Internship- ARTH 593
The Washington, DC area with all the great museums, galleries and arts organizations, is one of the most exciting places in the country to study art and architecture. Opportunities for internships with arts professionals abound. We encourage all our advanced Art History majors to cap their college experience with an internship as a way to apply their classroom learning, explore career options, and gain useful experience in the real world. Our students have found exciting internships at the National Gallery, the Smithsonian museums, the National Archives, the Phillips Collection, National Museum of Women in the Arts, private sales galleries, historic house museums, archaeological sites, and many more places. Duties have included curatorial research, creating archives, digitization projects, oral histories, exhibition design and mounting, restoration of objects, educational programming, docent tours, and more. An Art History internship experience can be an important first step towards a career in the arts, or to graduate studies.
What is an internship?
An internship is an introductory training or study arrangement for an individual student to work with a professional in a field related to the student’s interests. They are usually off-campus, although there are on-campus opportunities as well. A good internship benefits everyone: it provides valuable assistance to the professional person or organization, and valuable on-the-job training for the student, as well as academic credit and future contacts in the field. Internships are usually unpaid apprenticeships—volunteer work essentially--though some carry stipends. The Department of Labor has special rules allowing for such unpaid apprenticeships, provided all parties understand and agree to the arrangements. The student is responsible for finding the opportunity, and registering for GMU academic credit after consulting with the Art History internship director. The student may register and pay for one to six credits of ARTH 593.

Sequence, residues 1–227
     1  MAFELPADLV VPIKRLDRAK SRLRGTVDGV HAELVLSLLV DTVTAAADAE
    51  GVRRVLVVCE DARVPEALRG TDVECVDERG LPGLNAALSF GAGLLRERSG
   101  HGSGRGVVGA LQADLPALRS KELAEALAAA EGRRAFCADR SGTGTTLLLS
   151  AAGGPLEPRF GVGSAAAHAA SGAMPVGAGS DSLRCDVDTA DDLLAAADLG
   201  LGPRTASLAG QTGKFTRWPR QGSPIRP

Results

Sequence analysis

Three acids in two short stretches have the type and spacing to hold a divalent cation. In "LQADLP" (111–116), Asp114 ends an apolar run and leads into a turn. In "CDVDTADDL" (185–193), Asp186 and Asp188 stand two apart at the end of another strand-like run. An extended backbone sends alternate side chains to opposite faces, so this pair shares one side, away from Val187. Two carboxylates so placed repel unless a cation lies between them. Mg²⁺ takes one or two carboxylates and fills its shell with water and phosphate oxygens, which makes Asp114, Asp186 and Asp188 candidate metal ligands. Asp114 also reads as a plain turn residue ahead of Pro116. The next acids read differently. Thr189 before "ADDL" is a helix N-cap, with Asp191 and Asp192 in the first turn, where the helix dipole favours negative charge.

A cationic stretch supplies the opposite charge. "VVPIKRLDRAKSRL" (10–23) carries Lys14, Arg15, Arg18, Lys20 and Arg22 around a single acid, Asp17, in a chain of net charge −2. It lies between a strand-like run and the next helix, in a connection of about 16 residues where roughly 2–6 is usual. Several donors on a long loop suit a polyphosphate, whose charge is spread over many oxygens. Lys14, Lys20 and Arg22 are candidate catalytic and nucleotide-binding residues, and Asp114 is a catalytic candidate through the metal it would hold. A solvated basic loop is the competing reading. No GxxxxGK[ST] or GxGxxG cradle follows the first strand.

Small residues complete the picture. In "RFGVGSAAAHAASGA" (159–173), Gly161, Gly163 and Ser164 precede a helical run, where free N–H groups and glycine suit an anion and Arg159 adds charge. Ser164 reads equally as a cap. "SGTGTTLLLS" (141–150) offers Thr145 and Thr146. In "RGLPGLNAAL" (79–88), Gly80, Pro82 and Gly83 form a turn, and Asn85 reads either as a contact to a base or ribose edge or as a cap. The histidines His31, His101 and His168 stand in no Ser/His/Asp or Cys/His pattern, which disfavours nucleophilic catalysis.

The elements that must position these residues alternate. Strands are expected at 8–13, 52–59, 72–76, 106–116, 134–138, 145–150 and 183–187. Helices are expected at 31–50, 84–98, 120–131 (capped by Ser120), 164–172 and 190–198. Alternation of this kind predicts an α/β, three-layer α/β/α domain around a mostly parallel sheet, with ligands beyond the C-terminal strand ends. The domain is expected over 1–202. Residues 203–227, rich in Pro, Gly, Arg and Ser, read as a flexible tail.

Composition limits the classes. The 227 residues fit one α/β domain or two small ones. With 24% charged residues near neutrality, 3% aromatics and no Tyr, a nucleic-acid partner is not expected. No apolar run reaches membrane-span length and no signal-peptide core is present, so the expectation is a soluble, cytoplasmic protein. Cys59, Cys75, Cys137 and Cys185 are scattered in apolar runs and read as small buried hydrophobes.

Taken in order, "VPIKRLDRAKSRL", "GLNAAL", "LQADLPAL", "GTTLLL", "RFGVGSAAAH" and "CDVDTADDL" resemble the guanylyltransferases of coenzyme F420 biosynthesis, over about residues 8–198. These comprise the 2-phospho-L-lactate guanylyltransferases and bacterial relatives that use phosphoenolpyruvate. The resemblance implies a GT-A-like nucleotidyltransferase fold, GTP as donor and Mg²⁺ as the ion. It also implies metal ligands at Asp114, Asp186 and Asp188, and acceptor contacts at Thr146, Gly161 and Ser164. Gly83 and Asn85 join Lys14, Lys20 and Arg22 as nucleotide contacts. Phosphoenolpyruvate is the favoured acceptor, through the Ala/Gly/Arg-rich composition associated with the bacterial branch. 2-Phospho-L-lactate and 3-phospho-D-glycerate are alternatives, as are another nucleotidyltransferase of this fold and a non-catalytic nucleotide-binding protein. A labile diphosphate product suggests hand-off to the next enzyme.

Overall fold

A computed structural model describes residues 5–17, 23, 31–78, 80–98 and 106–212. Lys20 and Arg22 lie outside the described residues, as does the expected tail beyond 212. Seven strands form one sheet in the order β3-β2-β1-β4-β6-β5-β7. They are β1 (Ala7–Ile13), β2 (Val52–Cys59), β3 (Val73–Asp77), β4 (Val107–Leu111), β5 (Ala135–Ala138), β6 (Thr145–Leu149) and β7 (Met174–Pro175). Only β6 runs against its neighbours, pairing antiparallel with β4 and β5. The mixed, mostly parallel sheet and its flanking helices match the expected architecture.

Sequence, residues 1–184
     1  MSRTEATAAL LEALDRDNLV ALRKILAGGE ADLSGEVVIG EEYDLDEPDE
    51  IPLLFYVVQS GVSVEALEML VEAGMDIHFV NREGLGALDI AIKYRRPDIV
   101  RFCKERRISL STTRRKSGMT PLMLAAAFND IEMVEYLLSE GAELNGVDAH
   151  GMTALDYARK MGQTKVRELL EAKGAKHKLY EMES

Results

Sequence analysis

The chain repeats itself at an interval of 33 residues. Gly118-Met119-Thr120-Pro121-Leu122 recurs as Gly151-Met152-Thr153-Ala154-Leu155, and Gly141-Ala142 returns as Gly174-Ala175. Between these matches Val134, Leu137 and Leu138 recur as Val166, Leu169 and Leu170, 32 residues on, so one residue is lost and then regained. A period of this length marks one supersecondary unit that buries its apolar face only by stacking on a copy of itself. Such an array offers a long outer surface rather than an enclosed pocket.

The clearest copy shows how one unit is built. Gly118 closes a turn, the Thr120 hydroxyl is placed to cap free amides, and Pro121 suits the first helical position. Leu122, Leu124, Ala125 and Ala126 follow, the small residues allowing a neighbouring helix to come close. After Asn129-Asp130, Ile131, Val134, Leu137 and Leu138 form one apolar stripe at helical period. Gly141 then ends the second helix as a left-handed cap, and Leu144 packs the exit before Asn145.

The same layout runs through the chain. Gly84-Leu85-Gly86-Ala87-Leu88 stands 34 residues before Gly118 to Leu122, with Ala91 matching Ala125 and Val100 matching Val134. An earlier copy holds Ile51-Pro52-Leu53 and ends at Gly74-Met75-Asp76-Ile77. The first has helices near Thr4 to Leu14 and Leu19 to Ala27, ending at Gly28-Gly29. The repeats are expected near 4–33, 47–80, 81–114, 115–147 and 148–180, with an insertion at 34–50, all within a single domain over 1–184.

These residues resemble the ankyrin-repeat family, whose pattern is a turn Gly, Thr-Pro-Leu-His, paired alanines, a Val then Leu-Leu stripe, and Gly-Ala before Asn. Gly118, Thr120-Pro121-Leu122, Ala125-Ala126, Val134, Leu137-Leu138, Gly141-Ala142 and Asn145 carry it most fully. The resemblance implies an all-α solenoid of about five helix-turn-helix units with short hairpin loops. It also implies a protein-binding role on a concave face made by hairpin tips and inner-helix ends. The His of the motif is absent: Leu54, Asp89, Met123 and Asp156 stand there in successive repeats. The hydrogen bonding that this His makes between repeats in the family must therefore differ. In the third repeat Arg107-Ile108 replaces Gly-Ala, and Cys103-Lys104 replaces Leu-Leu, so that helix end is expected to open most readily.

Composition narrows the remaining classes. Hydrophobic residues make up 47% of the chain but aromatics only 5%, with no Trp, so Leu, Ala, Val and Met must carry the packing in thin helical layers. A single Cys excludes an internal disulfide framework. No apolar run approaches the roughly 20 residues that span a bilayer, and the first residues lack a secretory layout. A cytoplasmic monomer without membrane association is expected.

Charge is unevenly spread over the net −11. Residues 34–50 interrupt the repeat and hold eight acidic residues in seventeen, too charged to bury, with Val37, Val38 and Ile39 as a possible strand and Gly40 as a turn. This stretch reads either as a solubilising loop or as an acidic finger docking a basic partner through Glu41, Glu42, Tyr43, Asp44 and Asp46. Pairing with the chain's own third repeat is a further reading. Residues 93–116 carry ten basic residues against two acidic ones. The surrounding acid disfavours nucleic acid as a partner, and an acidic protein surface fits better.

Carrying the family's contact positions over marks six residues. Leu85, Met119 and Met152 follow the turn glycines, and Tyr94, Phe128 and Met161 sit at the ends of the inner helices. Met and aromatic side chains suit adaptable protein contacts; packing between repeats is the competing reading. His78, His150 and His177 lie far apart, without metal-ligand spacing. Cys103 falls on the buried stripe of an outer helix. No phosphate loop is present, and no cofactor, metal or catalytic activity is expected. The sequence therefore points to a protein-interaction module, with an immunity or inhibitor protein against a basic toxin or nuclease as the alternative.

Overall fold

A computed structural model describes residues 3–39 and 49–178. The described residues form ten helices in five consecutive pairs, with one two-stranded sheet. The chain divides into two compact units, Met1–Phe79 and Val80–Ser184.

Why do an internship?
By participating in an internship, you may:
- apply what you’ve learned in college coursework to real professional situations
- get an insider’s view of the museum world and its operations, with hands-on experience
- gain administrative experience helping arts organizations with their programs
- learn to use new and unfamiliar research and digital tools
- learn about careers in the arts, and your own aptitude for them
- gain valuable "real world" work experience to include on future resumes
- apply your digital skills to web-based projects needed by major organizations
- develop public speaking skills through tours and educational programs
- make important professional contacts in your field of interest
- burnish your resume with solid professional achievements
Structure of the program
To receive Mason course credit for ARTH 593, you must undertake some practical work experience at a public or private agency involved in art or historically-related work. An “Internship Agreement” form and course registration must be completed before you begin the work. 45 hours of work is required for 1 credit of ARTH 593. 80 hours of work is required for 3 credits of ARTH 593. 160 hours are required for the maximum of 6 credits.
Fall, Spring, and Summer enrollment are all acceptable.